Frustrated, you refresh the page. Now, the real Facebook page appears and you try again. Success! After a few minutes of scrolling through your feed, you’re suddenly kicked out of your own account.
Public WiFi hotspots are great. They’re free, don’t require a password, and keep your mobile data plan from exploding. But there’s a data security cost to connecting to them. Whether it’s the coffee shop across the street or your own dorm room, public WiFi spots can house hackers who want to steal your data or invade your privacy.
Hackers use open networks to launch man-in-the-middle attacks, so called because they position the cyberthief between you and the network’s router. From this position, cyberthieves can create fake login pages to steal your credentials or capture the data sent from your device.
You can protect against man-in-the-middle attacks by getting a virtual private network or VPN. A VPN routes your internet traffic through smaller, private networks. It also encrypts your data and hides your location. When you’re surfing public networks, data encryption makes your private info useless to cyberthieves even if they’re able to intercept it.
If you’re planning an overseas visit for study or fun, consider getting a VPN for extra security. No one checking their Facebook should have to worry about account theft.
Torrents of trouble
When you illegally torrent Black Panther for the watch party tonight, you’re risking more than just a copyright troll sending you a nasty letter. You’re also putting your data and devices at risk from malware infection. One study showed you’re 28 times more likely to get malware downloading from content theft sites than from licensed content providers.
Torrents are peer-to-peer networks that let you download small parts of a file from many different users. As a result, everyone else can see your IP address. When hackers aren’t offering malware-infested media for download, they’re trolling these IP addresses for vulnerable devices.
To torrent safely and legally, download only from sites that offer public domain or user-generated content. VPN data encryption also helps protect you while torrenting, but here are a few things to keep in mind.
- Connection reliability can vary depending on the VPN.
- If the VPN encounters a problem during download, it will default to your regular ISP and leave your data unencrypted. Make sure your VPN has a “kill switch” feature to stop the download if this happens.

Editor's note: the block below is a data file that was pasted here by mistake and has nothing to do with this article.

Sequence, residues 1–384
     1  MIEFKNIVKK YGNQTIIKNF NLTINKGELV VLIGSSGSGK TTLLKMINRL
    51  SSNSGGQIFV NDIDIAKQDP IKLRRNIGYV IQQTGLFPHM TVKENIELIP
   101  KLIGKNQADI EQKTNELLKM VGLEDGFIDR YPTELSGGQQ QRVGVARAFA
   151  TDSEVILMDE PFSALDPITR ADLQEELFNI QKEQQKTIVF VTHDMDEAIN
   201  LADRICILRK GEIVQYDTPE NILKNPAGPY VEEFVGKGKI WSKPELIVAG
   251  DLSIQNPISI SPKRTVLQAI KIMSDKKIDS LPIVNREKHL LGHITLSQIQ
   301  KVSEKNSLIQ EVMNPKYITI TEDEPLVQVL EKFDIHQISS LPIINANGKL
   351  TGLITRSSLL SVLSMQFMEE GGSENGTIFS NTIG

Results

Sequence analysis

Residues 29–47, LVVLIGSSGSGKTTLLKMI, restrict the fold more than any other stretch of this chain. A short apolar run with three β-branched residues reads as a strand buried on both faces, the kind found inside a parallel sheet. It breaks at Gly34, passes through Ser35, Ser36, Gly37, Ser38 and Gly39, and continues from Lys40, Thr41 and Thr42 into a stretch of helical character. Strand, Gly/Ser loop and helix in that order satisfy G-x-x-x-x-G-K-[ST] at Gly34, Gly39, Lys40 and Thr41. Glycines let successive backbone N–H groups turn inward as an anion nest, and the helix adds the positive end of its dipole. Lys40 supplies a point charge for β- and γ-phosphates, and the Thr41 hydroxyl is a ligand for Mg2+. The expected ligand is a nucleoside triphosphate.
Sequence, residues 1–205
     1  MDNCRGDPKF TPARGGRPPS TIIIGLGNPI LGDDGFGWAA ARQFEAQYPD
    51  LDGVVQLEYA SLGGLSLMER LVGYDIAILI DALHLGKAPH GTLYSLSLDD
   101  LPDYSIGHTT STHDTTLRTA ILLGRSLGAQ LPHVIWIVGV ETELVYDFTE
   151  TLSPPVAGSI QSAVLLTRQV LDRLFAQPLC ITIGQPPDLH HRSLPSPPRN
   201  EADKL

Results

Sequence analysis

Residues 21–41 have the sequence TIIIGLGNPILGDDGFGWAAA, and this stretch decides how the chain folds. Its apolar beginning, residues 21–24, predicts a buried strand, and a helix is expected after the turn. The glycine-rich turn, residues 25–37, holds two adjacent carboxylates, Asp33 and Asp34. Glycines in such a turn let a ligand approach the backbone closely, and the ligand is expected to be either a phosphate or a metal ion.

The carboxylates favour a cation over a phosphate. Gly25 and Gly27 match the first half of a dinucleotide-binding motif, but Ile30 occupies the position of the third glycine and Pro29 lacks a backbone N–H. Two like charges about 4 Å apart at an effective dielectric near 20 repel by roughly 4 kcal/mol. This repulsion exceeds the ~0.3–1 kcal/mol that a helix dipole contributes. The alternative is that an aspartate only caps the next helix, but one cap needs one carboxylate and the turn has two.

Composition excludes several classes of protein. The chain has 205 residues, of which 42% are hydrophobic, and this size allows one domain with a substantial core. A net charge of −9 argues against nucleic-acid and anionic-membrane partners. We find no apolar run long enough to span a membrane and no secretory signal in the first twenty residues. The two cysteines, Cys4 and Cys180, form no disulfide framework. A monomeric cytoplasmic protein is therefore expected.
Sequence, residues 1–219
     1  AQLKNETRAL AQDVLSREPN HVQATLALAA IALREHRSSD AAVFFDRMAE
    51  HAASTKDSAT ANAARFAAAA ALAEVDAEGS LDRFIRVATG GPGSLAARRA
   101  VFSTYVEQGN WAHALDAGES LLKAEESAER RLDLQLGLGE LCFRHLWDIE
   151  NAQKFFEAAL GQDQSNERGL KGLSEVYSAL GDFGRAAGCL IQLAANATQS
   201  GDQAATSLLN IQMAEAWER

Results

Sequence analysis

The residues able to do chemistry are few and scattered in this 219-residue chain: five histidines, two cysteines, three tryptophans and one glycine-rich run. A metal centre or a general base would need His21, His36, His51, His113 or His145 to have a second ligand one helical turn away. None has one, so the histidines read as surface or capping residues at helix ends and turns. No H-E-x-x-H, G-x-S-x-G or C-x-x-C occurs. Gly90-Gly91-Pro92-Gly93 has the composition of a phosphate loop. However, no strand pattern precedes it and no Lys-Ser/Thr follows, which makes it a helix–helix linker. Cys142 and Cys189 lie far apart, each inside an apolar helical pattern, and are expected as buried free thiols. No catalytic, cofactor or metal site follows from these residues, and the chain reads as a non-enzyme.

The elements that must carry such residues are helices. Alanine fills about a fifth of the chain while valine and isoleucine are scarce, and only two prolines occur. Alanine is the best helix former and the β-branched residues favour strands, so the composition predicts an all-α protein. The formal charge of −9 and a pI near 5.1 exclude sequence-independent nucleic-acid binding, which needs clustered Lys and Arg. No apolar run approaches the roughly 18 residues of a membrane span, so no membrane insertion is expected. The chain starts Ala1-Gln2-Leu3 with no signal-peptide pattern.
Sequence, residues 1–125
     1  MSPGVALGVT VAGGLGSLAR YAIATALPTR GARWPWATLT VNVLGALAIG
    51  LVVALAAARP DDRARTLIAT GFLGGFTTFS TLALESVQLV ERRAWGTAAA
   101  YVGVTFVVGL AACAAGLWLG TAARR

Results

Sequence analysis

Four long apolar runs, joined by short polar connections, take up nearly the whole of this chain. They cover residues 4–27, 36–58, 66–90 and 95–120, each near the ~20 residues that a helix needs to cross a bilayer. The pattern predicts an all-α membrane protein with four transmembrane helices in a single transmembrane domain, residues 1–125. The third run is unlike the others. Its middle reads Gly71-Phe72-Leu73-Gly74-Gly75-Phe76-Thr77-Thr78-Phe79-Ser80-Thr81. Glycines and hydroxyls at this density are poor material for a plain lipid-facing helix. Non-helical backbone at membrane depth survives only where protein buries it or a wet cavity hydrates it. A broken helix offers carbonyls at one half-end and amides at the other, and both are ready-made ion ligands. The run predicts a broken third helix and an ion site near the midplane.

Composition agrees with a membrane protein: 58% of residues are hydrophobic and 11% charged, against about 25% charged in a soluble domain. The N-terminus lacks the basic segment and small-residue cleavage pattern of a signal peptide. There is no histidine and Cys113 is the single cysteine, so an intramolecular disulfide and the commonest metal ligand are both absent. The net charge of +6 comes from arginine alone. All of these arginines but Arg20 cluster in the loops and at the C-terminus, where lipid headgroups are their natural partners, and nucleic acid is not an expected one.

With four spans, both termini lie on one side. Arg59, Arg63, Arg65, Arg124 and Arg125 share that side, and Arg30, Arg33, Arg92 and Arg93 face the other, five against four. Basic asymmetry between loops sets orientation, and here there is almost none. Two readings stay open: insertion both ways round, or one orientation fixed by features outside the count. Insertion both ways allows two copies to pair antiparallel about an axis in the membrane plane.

- Netflix and Hulu don’t allow you to stream their content with all VPNs, but some have permission.
Protect your data. Destroy it.
So grandma came through on your birthday and you’ve got some cash for a new phone. But what about that old brick of yours? You could keep it as a backup, sell it on Craigslist, trade it in or make it a hand-me-down for your little sister.
Whatever you choose to do, wipe everything first. That includes those embarrassing selfies and that checking account number you added as a “contact”. Factory resetting your devices keeps your data out of the greedy clutches of cyberthieves—and your little sister’s. Follow these tips:
- Back up your data to the cloud or external drive.
- Remove or erase any storage devices. Don’t sell your laptop with a DVD or SD card still inside. That goes for your SIM card too.
- Follow the steps for resetting your phone to factory settings. For Android phones, encrypt your data before resetting. Cyberthieves can still get to some data even after a factory reset.
- Double-check that your data is gone. Look through your contacts, voicemails, and downloads folder.
- Before selling, consider a recycling and donation program from your phone manufacturer.
- Update your serial number and registration information with campus police.
If you opt for destroying your device to keep your data safe, at least do it right, and that doesn’t mean throwing it off the Student Union. Remember the mantra: “Data is hard to destroy,” and repeat it every time you swing the hammer.
The same rules for digital data destruction go for analog too. Invest in a paper shredder and run your old receipts, credit card offers, insurance forms, bank statements, doctor bills, and old credit cards through it. Cyberthieves aren’t above digging through the dorm dumpster.
Protecting your identity
In February 2013, Ohio resident Amy Krebs got a call from her credit company saying someone was applying for a credit card in her name. Amy explained it wasn’t her, hung up, assuming someone had stolen her card and “gone out to eat.” What Amy didn’t know was that the call was only the beginning of a two-year long nightmare to prove her own identity to the world.